Commonly owned U.S. Pat. No. 6,199,942 describes a structure wherein the stranded metals are assembled into channels in a base and/or a structure of recesses formed in the base. Either or both structures may provide impact protection.
These and other energy absorbing members, especially but not exclusively, in the automobile environment, are used to protect vehicle occupants and may be used in applications to meet the standard for head injury protection for automotive interiors (Federal Motor Vehicles Safety Standard 201), which is incorporated herein by reference. The standard requires that interior components must be tested using a 10 lbm headform impacting the surface at 15 mph. A measurement of HIC(d) (head injury criteria (dummy)) is determined according to a formula set forth in FMVSS 201. The value of HIC(d) should not exceed 1000.
The prior art leaves unsolved production and performance problems that stem from relatively expensive and in some cases, less effectual approaches. Injection molding, reaction molding, extruding, blow molding, honeycomb formation, and stranded metal manufacture can be relatively costly. Additionally, it can be difficult to mold very thin wall thickness with some molding technologies.
In light of these and related approaches, there remains the desire to absorb as much impact energy in as little crush distance as possible, with as little weight as is necessary, yet be capable of being manufactured under favorable economic conditions.
It is an object of the present invention to provide a more cost effective, efficient energy absorber.
The present invention is an energy absorber comprising a base and a plurality of recesses extending from the base. At least some of the plurality of recesses have a rim, a first wall extending between the base and the rim, a first floor, and a second wall extending between the rim and the first floor. At least some of the plurality of recesses are oriented such that their first and second walls are inclined respectively at angles alpha and beta to a major incident component of the impacting force, where alpha and beta lie between 1 and 45 degrees.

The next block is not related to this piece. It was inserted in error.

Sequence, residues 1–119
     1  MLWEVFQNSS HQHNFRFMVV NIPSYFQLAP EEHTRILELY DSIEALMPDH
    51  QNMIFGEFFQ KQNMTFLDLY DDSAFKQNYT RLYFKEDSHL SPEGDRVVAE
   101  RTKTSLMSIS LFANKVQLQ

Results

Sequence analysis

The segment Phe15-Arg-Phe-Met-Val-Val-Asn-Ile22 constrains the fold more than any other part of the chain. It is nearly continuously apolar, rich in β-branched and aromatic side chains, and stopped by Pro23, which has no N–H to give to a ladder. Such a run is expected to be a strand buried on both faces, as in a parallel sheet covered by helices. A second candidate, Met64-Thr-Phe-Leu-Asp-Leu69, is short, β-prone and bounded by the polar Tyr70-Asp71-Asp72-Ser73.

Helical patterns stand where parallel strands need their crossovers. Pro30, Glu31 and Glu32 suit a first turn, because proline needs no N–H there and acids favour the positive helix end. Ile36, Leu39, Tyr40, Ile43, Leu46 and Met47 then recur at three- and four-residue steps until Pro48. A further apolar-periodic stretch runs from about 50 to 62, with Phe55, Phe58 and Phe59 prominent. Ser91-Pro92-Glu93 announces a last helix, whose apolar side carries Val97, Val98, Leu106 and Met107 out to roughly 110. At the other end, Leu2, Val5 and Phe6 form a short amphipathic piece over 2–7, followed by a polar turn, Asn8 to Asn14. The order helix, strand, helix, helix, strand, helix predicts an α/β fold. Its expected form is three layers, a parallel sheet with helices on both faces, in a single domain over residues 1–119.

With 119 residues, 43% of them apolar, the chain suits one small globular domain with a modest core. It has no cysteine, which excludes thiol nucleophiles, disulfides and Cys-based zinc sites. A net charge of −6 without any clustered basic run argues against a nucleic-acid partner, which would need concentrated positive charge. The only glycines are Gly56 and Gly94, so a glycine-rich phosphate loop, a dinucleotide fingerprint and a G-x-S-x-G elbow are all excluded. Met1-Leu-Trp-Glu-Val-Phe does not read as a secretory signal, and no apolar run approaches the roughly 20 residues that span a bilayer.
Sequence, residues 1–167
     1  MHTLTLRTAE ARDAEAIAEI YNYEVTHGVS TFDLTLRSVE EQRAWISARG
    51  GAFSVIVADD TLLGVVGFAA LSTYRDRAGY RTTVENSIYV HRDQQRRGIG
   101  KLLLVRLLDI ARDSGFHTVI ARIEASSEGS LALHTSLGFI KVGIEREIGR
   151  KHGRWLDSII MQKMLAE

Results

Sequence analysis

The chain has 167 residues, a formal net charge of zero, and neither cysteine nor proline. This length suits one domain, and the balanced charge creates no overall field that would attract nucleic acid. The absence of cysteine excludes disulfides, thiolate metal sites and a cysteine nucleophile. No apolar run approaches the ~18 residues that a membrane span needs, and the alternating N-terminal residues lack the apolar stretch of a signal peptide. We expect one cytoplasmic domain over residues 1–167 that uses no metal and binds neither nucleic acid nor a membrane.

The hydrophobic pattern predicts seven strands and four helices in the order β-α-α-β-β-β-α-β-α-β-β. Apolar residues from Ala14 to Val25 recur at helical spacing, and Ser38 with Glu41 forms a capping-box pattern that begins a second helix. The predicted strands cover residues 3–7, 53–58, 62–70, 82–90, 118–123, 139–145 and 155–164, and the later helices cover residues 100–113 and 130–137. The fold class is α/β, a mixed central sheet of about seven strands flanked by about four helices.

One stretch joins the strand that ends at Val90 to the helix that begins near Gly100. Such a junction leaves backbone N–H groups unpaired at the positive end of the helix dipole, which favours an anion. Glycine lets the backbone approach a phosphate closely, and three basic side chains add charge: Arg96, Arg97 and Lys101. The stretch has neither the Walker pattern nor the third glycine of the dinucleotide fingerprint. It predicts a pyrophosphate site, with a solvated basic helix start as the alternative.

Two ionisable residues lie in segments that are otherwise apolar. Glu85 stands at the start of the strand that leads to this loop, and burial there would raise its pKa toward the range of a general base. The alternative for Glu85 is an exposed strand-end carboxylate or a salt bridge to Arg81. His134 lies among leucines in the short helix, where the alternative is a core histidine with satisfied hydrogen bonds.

At least some of the recesses may be shaped as a cup, a cone, a frusto-conical body, a tetrahedron, a prism, a parallelepiped, a section of an ellipsoid, a section of an hyperboloid, and mixtures of such shapes. Further, some of the second walls and floors may be shaped as a cup, a cone, a frusto-conical body, a tetrahedron, a prism, a parallelepiped, a section of an ellipsoid, a section of an hyperboloid, and mixtures of such shapes.
These and other advantages of the present invention will become apparent to one of ordinary skill in the art in light of the following description and attached drawings.
FIG. 1 is a quartering perspective view of an energy absorbing assembly manufactured in accordance with the present invention;
FIG. 2 is a bottom plan view of a portion thereof;
FIG. 3 is a cross-sectional view of the invention depicted in FIG. 2, taken along the 3—3 thereof;
FIG. 4 is a quartering perspective view of an alternate embodiment of the disclosed invention;
FIG. 5 is a cross-sectional view of the embodiment depicted in FIG. 4 taken along the line 5—5 thereof;
FIG. 6 is a quartering perspective view of a second alternate embodiment of the disclosed invention;
FIG. 7 is a cross-sectional view taken along the line 7—7 of the embodiment of FIG. 6;
FIG. 8 is a quartering perspective view of a third alternate embodiment of the disclosed invention;
FIG. 9 is a cross-sectional view taken along the 9—9 of the embodiment depicted in FIG. 8; and
FIG. 10 is a perspective view of a different embodiment of the first recess.